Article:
Miniature, Hours of Jean Dunois (between 1436 and 1450; British Library, Ms. Yates Thompson 3, fol. 287r):
Wall painting (fifteenth-century) in the Cappella di Santa Maria at the abbey of Novalesa:
Same, showing location in the chapel (center: St. Mary Magdalene):
Panel painting by Hans Memling (Triptych of Adriaan Reins, 1480):
Polychromed statue, Burgos Cathedral, Chapel of the Constable of Castile, Altarpiece of St. Anne (very late fifteenth-century):
4) Walaricus (d. ca. 620). According to his closely posthumous Vita (BHL 8762) W. (also Gualaricus, Walric, Valéry, and many more) was a native of Auvergne. In about 611 he settled as a hermit on the headland of Leuconay in the Somme estuary. W. attracted disciples and these founded a monastery in whose primitive church W. was buried. In 627 Chlotar II funded new buildings on the site, which became a popular pilgrimage destination and survived several raids by Northmen. Known by the name of its saint, its town is now Saint-Valéry-sur-Somme (Somme). In 1066 a duke of Normandy who had assembled a fleet in the immediate vicinity is said to have had G.'s remains publicly exposed in order to obtain a fair wind for his nautical enterprise.
The first view in this set of expandable thumbnails is of Saint-Valéry-sur-Somme's mostly sixteenth-century église saint-Martin, said to have twelfth- and thirteenth-century construction in older sections:
That gabled porch-like extension has some interesting gargoyles. Here's a detail:
Better views of the church are here (in the menu at left, select Picardy; when the new matter loads, in the box at upper right select Photos, then in Somme select Saint-Valéry-sur-Somme):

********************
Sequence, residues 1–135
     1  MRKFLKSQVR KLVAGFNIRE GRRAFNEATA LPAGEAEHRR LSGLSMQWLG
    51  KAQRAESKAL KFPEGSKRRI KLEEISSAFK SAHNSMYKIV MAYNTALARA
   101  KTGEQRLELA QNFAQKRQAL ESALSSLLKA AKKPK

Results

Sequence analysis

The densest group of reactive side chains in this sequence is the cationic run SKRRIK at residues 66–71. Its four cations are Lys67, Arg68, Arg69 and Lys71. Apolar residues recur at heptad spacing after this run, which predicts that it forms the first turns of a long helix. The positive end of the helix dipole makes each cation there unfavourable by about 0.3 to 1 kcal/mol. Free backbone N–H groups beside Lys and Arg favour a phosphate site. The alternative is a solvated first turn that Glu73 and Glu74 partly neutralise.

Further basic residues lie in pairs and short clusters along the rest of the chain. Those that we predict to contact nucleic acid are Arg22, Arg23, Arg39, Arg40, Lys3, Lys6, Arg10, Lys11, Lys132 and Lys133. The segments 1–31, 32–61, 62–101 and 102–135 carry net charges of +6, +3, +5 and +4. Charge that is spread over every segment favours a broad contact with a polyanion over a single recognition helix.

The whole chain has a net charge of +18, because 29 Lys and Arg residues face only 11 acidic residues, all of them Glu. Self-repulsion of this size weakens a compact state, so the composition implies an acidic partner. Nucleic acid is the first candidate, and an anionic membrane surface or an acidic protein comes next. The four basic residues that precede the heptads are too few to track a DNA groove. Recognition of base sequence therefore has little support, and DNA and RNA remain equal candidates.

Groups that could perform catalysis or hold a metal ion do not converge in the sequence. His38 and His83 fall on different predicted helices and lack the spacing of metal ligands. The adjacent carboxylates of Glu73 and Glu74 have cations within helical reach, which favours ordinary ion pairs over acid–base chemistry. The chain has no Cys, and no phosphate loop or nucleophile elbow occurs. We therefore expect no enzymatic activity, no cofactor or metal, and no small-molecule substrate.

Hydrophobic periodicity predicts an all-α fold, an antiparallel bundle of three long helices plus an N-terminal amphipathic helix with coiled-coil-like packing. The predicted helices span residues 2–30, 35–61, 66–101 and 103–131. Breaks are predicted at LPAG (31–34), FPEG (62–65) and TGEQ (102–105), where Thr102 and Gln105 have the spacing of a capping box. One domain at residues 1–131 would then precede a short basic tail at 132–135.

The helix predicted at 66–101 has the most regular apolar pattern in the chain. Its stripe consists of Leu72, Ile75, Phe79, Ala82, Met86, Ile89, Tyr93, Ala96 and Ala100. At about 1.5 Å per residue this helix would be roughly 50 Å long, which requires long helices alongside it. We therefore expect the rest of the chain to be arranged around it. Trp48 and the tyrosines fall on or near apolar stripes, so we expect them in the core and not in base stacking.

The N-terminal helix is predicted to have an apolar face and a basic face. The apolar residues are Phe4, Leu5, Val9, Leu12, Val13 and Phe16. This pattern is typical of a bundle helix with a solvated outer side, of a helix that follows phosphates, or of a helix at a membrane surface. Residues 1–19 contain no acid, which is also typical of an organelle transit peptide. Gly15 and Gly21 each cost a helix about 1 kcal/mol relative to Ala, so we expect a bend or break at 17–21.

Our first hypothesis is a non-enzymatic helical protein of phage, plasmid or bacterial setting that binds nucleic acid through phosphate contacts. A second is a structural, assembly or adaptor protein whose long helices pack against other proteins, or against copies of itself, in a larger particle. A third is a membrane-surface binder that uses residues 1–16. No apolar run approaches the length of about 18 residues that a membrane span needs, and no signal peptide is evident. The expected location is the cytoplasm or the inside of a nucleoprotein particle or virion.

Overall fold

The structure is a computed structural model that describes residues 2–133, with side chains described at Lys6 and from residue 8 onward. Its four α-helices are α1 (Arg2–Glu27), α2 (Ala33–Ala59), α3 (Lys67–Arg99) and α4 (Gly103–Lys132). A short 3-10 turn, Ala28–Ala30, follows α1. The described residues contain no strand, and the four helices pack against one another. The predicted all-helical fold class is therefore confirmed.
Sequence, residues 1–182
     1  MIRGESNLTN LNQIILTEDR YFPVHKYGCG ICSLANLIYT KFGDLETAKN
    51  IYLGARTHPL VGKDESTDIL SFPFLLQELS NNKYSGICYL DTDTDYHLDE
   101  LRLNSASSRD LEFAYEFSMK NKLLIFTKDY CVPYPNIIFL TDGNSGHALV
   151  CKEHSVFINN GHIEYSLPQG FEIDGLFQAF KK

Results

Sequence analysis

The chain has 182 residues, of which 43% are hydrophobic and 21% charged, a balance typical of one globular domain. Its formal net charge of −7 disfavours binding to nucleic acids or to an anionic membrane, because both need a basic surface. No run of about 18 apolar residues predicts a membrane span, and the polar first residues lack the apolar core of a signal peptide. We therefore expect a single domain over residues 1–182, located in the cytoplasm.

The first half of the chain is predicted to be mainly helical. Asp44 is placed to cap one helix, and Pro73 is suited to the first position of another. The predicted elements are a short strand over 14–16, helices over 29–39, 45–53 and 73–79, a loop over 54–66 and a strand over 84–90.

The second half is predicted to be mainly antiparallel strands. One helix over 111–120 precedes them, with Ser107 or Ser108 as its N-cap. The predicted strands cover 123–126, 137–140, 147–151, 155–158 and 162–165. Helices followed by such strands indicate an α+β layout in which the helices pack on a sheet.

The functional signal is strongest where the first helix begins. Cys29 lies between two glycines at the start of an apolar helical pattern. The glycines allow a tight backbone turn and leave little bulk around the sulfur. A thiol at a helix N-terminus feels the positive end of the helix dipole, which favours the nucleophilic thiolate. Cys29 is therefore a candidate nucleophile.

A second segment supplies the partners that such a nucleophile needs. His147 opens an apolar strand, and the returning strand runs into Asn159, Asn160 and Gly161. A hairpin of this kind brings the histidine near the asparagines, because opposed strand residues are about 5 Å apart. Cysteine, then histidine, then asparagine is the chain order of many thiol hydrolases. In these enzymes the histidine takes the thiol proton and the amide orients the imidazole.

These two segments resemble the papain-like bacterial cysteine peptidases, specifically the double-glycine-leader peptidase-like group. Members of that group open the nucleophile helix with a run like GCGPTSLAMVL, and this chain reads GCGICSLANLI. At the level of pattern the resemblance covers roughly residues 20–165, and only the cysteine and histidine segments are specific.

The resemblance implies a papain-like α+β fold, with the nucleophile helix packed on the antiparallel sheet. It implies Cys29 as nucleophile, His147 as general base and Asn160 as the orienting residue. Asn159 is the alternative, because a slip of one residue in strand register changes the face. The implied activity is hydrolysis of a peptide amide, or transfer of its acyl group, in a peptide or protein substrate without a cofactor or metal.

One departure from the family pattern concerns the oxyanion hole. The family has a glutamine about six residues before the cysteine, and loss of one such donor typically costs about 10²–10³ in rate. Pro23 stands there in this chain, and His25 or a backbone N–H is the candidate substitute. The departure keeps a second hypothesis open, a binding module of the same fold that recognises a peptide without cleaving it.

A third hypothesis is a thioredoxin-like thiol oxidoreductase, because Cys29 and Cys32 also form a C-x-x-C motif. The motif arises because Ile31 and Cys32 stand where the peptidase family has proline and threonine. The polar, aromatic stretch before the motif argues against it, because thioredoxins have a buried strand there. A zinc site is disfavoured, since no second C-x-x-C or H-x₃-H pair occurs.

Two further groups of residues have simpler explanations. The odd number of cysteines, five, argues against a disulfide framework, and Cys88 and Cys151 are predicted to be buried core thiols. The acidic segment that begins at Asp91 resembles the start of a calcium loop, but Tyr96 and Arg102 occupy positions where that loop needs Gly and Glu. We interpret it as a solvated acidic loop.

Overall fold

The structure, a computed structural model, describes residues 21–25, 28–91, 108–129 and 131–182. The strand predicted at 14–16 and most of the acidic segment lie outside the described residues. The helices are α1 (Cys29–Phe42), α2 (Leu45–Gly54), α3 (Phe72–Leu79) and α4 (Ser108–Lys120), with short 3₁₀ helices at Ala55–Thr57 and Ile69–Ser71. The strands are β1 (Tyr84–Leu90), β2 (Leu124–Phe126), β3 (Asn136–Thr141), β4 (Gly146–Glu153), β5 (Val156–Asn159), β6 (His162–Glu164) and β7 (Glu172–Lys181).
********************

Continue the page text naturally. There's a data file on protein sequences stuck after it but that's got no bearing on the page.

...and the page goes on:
5) Hugh of Grenoble (d. 1132). H. was a canon of Valence of reforming temperament who when still a young man was elected bishop of Grenoble. Disdaining as a simoniac the then archbishop of Vienne, H. chose instead to be consecrated at Rome by pope St. Gregory VII. Intermittently successful at reforming his diocese, he twice tried monastic life instead, first as a Cluniac at La Chaise-Dieu and later with St. Bruno at the Grand Chartreuse, in whose foundation H. had assisted as the local bishop. On the first occasion he was recalled by Gregory and on the second Bruno told him that he really should return to his diocese. At least, that's how prior Guigo I of the Grand Chartreuse relates these events in his Vita of H. (BHL 4016), an important document for early Carthusian history.
Grenoble's église de Saint-Hugues is an essentially thirteenth-century church on a twelfth-century base, adjacent to the cathedral of Notre-Dame. In this view Saint-Hugues is at left and the church with the belltower over the porch is the cathedral:
In this view they are both at center left:
Further views of the cathedral:
These churches were renovated relatively recently. Here's a page of expandable pre-renovation views of the cathedral (curiously called "Saint-Jean" here), showing the lamentable and now vanished facade added in the nineteenth century:
In 1101 H. gave Benedictines permission to found in his diocese the monastery of Chalais, near Chartreuse. It is now a convent of Dominican sisters. Many views of its church (esp. sculptural details) can be accessed from this page:
(Agape and Chionia, Mary of Egypt, Walaricus, and Hugh of Grenoble lightly revised from last year's post)